I used to feel Christmas as a kid a lot. I’m not talking about the happiness of receiving gifts and phrases like “we’re all nicer to each other and merrier today”. Even then I felt that there was something special, something that I still like today. My son now keeps saying that Santa Claus doesn’t exist and that we put the presents under the tree. He’s “exposed” us a while ago, that’s normal. But my wife insists on the Santa story, she wants to keep some magic in him. And I agree, also because the “magic” of Christmas has always existed and despite the consumerism and the stereotypes, it continues to exist.
I have very fond memories about my high school maths and physics teacher. He is the one responsible for my love for science and the first who tried to teach me how to use my own brain and think freely.
I am very fond of the ideas the Korean writer expressed in this TED talk. I play lead guitar and vocals in a rock cover band. Often I had to hear sly comments about it, referring to teenage behavior, to ungrown kids, to the uselessness of the whole thing – who will ever care about you guys? Well, the point is completely different. We do it for ourselves. Everyone should do it, go our and practice their own art. It is not necessary to make a job out of it. We are born artists. Kids do art spontaneously. Then we teach them to grow, they have to study, find a job, take up responsibilities. Art is for artists. But why? It would be healthy if we practiced some art side by side to our own duties. It would be good for our mind and soul. The ones who do it have less problems in carrying on with every day’s life. I speak by direct experience…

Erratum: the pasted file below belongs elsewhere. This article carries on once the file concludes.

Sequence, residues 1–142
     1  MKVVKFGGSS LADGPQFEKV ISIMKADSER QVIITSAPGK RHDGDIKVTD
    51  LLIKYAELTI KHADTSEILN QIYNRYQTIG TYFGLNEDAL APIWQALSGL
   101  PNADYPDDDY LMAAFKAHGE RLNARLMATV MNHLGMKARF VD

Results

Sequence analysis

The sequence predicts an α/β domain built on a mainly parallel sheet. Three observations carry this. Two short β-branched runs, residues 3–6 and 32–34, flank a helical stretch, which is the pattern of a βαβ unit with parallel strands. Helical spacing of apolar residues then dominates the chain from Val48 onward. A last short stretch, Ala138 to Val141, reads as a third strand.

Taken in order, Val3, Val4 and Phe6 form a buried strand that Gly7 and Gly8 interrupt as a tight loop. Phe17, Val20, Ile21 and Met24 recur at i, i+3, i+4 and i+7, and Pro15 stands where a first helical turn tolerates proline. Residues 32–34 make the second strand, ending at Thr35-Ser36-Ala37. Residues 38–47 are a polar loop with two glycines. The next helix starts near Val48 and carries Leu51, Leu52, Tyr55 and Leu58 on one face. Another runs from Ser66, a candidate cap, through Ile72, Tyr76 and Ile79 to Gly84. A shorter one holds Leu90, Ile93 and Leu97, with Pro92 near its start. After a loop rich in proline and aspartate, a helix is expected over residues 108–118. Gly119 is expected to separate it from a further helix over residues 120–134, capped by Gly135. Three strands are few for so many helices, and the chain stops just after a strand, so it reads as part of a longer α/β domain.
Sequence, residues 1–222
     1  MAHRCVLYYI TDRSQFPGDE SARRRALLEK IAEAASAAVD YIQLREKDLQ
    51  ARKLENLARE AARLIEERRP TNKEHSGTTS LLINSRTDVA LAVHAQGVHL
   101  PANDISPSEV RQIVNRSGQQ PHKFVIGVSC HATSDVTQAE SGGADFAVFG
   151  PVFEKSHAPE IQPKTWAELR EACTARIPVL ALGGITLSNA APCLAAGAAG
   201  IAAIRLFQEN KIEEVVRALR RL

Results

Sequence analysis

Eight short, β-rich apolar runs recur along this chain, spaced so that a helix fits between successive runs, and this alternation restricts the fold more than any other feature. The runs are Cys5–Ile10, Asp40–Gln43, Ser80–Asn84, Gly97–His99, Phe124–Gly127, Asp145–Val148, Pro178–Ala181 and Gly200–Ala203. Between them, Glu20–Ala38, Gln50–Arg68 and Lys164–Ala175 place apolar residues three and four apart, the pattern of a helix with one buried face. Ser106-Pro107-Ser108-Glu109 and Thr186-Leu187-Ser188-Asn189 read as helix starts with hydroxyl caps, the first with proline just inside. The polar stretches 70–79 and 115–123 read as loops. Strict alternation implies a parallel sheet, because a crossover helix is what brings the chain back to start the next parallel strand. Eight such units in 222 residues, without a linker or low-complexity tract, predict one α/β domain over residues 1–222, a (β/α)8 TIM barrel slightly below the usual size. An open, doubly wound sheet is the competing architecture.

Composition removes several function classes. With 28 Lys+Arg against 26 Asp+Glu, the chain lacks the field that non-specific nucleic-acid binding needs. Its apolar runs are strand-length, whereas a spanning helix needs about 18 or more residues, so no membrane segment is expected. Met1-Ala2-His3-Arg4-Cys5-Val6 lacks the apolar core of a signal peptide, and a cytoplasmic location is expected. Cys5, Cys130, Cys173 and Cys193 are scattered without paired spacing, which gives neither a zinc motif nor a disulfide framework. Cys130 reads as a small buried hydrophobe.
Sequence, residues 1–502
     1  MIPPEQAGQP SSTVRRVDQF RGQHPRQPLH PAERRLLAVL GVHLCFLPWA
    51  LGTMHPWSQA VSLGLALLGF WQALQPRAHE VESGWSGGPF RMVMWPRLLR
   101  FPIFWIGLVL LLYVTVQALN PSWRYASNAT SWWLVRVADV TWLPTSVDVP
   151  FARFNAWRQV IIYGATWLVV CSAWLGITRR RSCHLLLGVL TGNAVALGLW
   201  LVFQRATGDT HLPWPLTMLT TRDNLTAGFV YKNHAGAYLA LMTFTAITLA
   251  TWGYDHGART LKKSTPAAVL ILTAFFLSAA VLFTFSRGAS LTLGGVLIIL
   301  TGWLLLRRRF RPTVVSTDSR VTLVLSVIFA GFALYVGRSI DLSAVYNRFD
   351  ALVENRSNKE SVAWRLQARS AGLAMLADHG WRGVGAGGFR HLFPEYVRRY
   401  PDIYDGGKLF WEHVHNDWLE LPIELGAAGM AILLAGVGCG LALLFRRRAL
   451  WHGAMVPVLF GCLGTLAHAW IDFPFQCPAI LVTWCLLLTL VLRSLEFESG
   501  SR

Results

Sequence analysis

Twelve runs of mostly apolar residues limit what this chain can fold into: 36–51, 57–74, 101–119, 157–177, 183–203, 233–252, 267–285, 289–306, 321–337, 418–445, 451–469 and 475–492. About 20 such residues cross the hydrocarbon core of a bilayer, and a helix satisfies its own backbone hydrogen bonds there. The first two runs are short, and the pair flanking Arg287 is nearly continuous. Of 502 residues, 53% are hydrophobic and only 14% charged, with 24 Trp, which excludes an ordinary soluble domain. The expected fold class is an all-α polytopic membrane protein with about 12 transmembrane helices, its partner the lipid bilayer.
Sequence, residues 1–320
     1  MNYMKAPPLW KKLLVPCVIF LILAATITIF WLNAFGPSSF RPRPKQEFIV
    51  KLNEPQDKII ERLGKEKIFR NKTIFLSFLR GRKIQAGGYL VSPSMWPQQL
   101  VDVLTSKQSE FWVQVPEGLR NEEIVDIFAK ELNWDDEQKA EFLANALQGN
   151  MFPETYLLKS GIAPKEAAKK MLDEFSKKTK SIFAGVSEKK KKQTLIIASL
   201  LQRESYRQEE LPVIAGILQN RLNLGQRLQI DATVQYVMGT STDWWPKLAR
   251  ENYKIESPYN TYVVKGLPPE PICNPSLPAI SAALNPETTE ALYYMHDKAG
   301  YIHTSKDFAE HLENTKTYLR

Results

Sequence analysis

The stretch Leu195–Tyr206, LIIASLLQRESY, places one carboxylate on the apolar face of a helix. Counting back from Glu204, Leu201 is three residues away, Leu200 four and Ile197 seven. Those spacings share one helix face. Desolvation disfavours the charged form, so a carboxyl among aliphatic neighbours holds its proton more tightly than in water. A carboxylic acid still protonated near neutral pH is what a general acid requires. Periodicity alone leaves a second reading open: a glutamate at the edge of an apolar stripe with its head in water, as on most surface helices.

So I strongly advice you to go on and read Young-ha Kim’s own words, not mine, in this excerpt from his TED talk, or watch the whole video above.
“…For many people, the idea of a “garbage patch” conjures up images of an island of trash floating on the ocean. In reality, these patches are almost entirely made up of tiny bits of plastic, called microplastics. Microplastics can’t always be seen by the naked eye. Even satellite imagery doesn’t show a giant patch of garbage. The microplastics of the Great Pacific Garbage Patch can simply make the water look like a cloudy soup. This soup is intermixed with larger items, such as fishing gear and shoes.”
The greatest stresses a human being is exposed to during life are thought to be: the loss of a loved one, marriage and divorce, a new job or being fired, a relocation, and the birth of a child. We all have to confront ourselves with most of them sooner or later, there is no way to avoid it, that’s life. I know someone who has never changed address since he was born (when he got married he moved to another floor in the same building); he divorced eventually but he kept living in the same flat. He had lost his father too early and had to get himself a job when he was very young. Maybe he never changed home and ended up with no children to spare himself some stress.